With Bold Knife and Fork

Share this

Having Christmased to rib-squeaking capacity on capon and chestnuts, Stilton and sweetmeats, I eased cautiously into the New Year, installed in a (large) chair by the fire to feast further, but less fatteningly, on the remarkable writings of M. F. K. Fisher.

M. F. K. Fisher (or ‘M.F.’ as she was called by her friends) has only recently become a new and exciting presence in my life, despite her having lived from 1908 to 1992 and published the first of her 26 books, Serve It Forth, as long ago as 1937. She was then one of the relatively few women to attempt a type of social reform in cooking and eating by writing – loudly and coherently – about it.

Her approach was considered exemplary, and the absence of a feminine name (always initials only) led people – even the British publisher of her first volume – to assume that these books must have been by a man: no female could possibly have written with such style.

That I had managed to live for so many years in my food-orientated world without consciously encountering her initials – or at least without them stirring any sort of interest – is more a sad reflection of my own ignorance and lack of adventurousness than anything else, because her work has been in print for most of the past twenty years. Much contemporary food-writing is about all-swinging, all-prancing celebrities featured in gory technicolour, and it is possible to overlook books that do not have a picture and recipe per page or the ubiquitous sticker proclaiming the author to be this or that of-the-year. Quite suddenly, however, and for little reason other than my passion for oysters and the slim insouciance of the book in which I was being asked to ‘consider’ them (Consider the Oyster, 1941), I was abruptly and totally hooked.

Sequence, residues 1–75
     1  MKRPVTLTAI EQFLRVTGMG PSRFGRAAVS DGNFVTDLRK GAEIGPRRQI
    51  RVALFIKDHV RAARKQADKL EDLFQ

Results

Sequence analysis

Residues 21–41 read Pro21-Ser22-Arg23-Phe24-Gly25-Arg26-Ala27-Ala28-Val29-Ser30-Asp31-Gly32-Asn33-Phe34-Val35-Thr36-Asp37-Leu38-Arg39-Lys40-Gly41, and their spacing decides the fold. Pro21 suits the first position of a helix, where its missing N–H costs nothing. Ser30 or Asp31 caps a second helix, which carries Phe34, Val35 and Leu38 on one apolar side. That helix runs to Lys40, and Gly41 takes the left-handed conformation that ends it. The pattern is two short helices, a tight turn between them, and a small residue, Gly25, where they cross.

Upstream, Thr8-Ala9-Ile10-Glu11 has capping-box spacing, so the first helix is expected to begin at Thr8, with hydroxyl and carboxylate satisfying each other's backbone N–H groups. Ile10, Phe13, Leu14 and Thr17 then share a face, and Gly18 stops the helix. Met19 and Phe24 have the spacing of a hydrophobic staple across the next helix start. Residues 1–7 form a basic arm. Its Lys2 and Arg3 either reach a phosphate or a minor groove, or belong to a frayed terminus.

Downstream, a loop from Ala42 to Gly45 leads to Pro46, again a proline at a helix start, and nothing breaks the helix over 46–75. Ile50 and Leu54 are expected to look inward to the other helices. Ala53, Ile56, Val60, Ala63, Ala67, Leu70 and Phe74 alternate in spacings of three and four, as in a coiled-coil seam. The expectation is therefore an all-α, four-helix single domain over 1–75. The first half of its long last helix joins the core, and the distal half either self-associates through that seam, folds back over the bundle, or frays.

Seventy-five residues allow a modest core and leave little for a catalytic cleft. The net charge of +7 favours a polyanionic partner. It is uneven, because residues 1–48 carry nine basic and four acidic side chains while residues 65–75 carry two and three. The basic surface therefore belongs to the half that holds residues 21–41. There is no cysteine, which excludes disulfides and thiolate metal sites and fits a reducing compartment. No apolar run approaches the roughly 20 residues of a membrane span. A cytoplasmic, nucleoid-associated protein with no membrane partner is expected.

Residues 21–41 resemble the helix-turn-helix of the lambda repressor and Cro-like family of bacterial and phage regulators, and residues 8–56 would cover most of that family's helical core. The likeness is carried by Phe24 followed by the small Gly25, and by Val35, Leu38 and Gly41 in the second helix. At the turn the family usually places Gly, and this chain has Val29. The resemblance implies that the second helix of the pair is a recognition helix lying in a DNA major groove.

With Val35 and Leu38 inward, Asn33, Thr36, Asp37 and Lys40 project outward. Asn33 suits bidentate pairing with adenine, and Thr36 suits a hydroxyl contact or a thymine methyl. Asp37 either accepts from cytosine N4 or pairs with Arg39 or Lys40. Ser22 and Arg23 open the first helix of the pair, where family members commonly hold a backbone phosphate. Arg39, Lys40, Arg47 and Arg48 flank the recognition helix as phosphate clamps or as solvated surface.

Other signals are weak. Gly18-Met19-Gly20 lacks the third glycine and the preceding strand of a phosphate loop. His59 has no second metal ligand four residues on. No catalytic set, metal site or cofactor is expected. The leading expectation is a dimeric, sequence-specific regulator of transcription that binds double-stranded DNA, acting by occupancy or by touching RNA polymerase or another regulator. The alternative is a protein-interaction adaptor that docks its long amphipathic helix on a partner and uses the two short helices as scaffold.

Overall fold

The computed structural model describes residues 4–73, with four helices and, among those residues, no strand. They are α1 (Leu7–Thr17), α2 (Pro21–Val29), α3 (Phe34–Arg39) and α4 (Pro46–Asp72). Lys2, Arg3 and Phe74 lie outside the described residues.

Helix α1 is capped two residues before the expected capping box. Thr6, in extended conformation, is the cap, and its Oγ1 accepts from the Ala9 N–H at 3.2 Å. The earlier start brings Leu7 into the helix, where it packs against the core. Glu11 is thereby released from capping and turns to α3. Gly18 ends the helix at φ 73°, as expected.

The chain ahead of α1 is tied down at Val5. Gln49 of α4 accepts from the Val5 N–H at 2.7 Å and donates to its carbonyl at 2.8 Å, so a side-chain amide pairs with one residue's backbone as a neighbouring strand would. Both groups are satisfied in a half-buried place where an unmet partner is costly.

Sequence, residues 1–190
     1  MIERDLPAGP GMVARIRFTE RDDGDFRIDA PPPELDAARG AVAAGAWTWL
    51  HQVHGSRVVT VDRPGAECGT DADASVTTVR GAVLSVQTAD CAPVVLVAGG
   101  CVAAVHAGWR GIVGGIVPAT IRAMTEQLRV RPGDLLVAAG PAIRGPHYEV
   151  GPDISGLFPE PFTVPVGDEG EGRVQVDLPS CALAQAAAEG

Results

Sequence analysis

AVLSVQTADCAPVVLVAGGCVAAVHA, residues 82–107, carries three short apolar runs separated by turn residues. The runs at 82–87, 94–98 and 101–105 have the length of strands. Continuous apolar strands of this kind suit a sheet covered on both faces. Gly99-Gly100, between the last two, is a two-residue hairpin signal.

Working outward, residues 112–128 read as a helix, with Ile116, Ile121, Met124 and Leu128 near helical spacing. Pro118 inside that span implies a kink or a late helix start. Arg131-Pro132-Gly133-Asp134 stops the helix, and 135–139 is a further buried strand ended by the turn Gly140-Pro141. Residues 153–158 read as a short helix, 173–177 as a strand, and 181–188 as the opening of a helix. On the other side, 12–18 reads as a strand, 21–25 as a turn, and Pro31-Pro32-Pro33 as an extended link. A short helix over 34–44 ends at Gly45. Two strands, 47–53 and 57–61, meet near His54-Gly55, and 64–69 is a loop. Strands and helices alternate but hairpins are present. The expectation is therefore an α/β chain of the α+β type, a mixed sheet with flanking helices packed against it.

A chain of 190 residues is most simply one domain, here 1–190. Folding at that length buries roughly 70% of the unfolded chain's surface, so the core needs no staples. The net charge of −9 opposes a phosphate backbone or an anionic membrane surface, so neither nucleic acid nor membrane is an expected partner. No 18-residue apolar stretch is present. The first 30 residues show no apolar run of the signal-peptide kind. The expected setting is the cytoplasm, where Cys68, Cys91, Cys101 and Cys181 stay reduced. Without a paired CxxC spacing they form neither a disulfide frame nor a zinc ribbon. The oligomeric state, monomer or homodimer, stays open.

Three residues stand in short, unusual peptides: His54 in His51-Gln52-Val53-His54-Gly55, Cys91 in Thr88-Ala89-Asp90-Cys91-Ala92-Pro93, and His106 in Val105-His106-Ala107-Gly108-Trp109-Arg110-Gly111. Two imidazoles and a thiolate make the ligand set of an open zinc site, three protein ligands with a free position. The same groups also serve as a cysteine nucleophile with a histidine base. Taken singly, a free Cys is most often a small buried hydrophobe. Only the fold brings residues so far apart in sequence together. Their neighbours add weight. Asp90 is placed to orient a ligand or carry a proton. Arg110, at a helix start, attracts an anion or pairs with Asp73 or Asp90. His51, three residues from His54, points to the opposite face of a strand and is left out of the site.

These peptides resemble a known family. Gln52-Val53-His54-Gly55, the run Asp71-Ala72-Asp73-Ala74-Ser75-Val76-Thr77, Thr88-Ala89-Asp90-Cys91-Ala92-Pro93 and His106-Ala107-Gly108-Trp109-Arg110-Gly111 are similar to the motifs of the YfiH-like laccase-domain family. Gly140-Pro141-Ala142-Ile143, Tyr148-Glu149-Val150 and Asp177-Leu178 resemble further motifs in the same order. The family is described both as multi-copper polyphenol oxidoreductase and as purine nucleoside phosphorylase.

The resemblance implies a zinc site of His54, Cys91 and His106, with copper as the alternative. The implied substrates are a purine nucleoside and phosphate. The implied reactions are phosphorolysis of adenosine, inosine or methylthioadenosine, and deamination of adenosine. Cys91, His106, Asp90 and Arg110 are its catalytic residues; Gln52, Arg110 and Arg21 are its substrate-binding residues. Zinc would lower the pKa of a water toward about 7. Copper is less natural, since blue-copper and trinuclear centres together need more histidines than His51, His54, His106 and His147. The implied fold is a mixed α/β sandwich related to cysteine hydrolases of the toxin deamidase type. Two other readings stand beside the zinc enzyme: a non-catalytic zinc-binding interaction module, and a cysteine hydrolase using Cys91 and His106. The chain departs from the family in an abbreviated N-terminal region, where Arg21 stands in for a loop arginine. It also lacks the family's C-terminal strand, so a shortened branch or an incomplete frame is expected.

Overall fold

M. F. K. Fisher’s books were published in both the United States and Britain, but her journalistic writing was for the New Yorker in the 1960s, at a time when she real

Subscribe or sign in to read the full article

The full version of this article is only available to subscribers to Slightly Foxed: The Real Reader’s Quarterly. To continue reading, please sign in or take out a subscription to the quarterly magazine for yourself or as a gift for a fellow booklover. Both gift givers and gift recipients receive access to the full online archive of articles along with many other benefits, such as preferential prices for all books and goods in our online shop and offers from a number of like-minded organizations. Find out more on our subscriptions page.

Subscribe now or

About the contributor

Jane Lunzer Gifford attempts to justify a tendency to eat (lots) on the grounds of research. She has written about and photographed many kilos of food in both Britain and Japan. Her latest book Food on the Move is due to be published in April.

Share this

Comments & Reviews

Leave a comment




Customise this page for easy reading

Distraction-free
reading mode